Society isn’t comfortable with disability. And one of the ways society tries to hide away from its discomfort is through using euphemisms to avoid talking about it directly. Today, I’m going to talk about disability euphemisms and how they can contribute to erasure of disability.
A euphemism is a word or phrase used as a substitute for a word or phrase that is deemed offensive. Good examples are the terms special needs or differently abled. Within education the term special educational needs is very widely used.
Many people aren’t comfortable with disability. This is caused by a variety of factors including widespread misconceptions, the perception that disability is a purely negative experience and general discomfort with what society considers otherness. While groups who are uncomfortable vary, the more I research language, the more I’m noticing a trend that it’s the non disabled people who are uncomfortable.
From a linguistic point of view, the word disability, is a fairly factual description of what it describes, even if it doesn’t always appear that way. The prefix dis is added to the word ability, to mean someone who lacks or has a reduced ability in some area. It just means that there’s something about that person that either doesn’t work the way it typically does or works differently in a way that makes what society considers normal functioning difficult.
Yet it is often associated with negativity. The prefix dis, is shared by words with negative connotations such as: disgust, disaster, displeasure and so on. However, there are other positive and neutral words that share the dis prefix, for example, distance and discuss. So, a negative association, is that, an association. Educating people about disability and helping them to understand the nuanced and complicated experience of being disabled, is what will help make disability a more neutral word in the eyes of the masses. Using euphemisms however, will only add to the problem.
Avoiding the word disability, further erases disabled people from society. It implicitly spreads the belief, that we can’t talk about disability because it’s an awful thing. This is because, we’re refusing to use the word. We’re refusing to acknowledge disability for what it is.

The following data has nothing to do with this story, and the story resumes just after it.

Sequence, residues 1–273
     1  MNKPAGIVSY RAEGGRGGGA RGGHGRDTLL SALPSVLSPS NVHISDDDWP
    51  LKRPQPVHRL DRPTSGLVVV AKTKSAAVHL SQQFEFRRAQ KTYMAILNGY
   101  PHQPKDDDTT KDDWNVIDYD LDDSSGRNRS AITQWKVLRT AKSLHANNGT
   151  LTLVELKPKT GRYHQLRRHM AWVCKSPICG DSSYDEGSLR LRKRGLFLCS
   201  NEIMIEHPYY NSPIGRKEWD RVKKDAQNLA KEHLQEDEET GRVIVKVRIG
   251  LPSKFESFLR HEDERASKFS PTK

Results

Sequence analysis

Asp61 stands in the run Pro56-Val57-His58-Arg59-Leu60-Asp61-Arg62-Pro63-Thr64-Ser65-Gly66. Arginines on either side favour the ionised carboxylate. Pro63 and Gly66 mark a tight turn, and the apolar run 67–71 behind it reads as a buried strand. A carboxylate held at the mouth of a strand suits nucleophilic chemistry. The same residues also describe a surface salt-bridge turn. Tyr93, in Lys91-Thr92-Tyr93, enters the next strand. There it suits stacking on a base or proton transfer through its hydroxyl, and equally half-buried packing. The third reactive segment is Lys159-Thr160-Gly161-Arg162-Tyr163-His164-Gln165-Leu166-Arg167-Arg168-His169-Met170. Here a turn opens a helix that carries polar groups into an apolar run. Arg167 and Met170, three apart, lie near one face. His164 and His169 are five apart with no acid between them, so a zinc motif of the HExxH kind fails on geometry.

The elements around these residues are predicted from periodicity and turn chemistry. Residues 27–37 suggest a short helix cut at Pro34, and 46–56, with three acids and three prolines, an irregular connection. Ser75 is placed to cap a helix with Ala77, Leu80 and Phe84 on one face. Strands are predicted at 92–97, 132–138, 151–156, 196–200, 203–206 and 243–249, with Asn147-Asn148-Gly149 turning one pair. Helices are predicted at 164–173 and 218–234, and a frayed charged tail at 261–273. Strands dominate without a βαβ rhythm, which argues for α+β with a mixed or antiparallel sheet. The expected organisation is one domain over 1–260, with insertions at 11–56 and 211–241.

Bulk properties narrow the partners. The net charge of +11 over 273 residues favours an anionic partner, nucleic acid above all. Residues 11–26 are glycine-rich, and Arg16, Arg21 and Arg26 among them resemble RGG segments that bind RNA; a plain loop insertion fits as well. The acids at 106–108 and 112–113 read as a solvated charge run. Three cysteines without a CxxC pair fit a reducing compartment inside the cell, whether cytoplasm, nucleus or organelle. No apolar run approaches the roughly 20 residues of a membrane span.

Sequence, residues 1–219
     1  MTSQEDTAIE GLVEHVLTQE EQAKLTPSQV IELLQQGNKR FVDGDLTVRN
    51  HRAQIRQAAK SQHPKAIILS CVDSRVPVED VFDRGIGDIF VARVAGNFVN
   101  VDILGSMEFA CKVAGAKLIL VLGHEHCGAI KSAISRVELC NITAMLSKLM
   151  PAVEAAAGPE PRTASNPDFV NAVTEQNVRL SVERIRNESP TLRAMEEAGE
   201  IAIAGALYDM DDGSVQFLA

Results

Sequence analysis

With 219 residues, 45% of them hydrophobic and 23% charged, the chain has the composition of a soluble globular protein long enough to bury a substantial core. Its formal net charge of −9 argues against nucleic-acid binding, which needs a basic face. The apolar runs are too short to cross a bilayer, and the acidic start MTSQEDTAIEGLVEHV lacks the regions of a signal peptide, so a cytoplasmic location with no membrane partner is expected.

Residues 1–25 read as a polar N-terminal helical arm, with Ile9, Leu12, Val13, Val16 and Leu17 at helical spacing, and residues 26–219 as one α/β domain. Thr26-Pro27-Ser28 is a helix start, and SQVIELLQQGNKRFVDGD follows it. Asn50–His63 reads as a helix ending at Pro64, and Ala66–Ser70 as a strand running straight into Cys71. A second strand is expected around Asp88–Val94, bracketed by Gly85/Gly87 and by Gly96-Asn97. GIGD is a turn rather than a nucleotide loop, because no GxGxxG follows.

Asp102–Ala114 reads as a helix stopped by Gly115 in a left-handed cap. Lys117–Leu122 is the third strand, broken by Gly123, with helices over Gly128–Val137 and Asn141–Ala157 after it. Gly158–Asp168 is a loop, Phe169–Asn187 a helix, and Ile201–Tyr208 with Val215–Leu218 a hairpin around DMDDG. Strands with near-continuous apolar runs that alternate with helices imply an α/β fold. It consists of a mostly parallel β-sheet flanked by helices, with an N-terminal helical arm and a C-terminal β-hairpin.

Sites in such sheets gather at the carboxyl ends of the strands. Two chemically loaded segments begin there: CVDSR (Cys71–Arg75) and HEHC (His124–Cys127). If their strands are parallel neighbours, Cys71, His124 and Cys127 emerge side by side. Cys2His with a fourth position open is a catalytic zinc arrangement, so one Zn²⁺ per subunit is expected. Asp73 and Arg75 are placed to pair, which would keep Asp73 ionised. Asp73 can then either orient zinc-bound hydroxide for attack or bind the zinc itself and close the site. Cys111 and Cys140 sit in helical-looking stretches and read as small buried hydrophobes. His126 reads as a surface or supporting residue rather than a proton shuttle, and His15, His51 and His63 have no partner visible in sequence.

In addition to this, individual euphemisms can create their own problems as well, which can further the erasure.
I’m going to use the example of special educational needs.
To start with, what’s so special about them? If you are in a class and the class is given some written material that is an integral part of the class, then you’re going to need to access it. If that means that the blind people in the class are given Braille, the visually impaired people are given large print and the dyslexic people are given material on whatever colour background makes it easier to read, what’s so special about that?
Yes, some of the ways in which these students are accessing the material is different. If you have a class where various students have different accessibility needs, you cannot just print out a full set of identical copies. But the key here is this, they are all accessing the same material. Some of them are just accessing it differently.
The path to equality is not identicality. By calling them special is othering individuals who have accessibility needs.
Additionally, special educational needs can be used as a means to try to justify that meeting these needs is extra work or that by doing so these people are being treated specially. I have been in countless situations where I’ve had to argue to have access to printed material and people have refused, because apparently making things accessible is too much extra work or they didn’t have time for that. I hear countless stories of people having accessibility issues all the time, because people didn’t think of their needs or thought it was too much work.
If we think in terms of universal accessibility and is this accessible, then we are considering everyone and including the disabled people as part of that group. But when we think about special needs, we are othering the people by calling them special and making it seem like extra work.
We are also focusing entirely on their needs.
This is further erasing disabled people down to just their needs. Oh and then people try to distance the person from their needs, because suddenly people realise that, the person isn’t just their special educational needs, they’re a person as well. So then we’re talking about people with special educational needs. Which honestly, is just a very long clunky phrase that’s not terribly specific.
It also doesn’t tell us why the person needs what they need. For example, someone says a sign language interpreter is needed, so that someone with special needs could attend a class. Here, all the emphasis is on the need, which can be converted in to an inconvenience. We’re not being told that the deaf person who needs the sign language interpreter, won’t be able to communicate or understand any of the verbal communication, in the class, if there is no sign language interpreter.
I will end by reminding people that all language choices are personal. You should always respect people’s language preferences. That said, I think it is important to understand the implications of the language we use and what impact that has on society.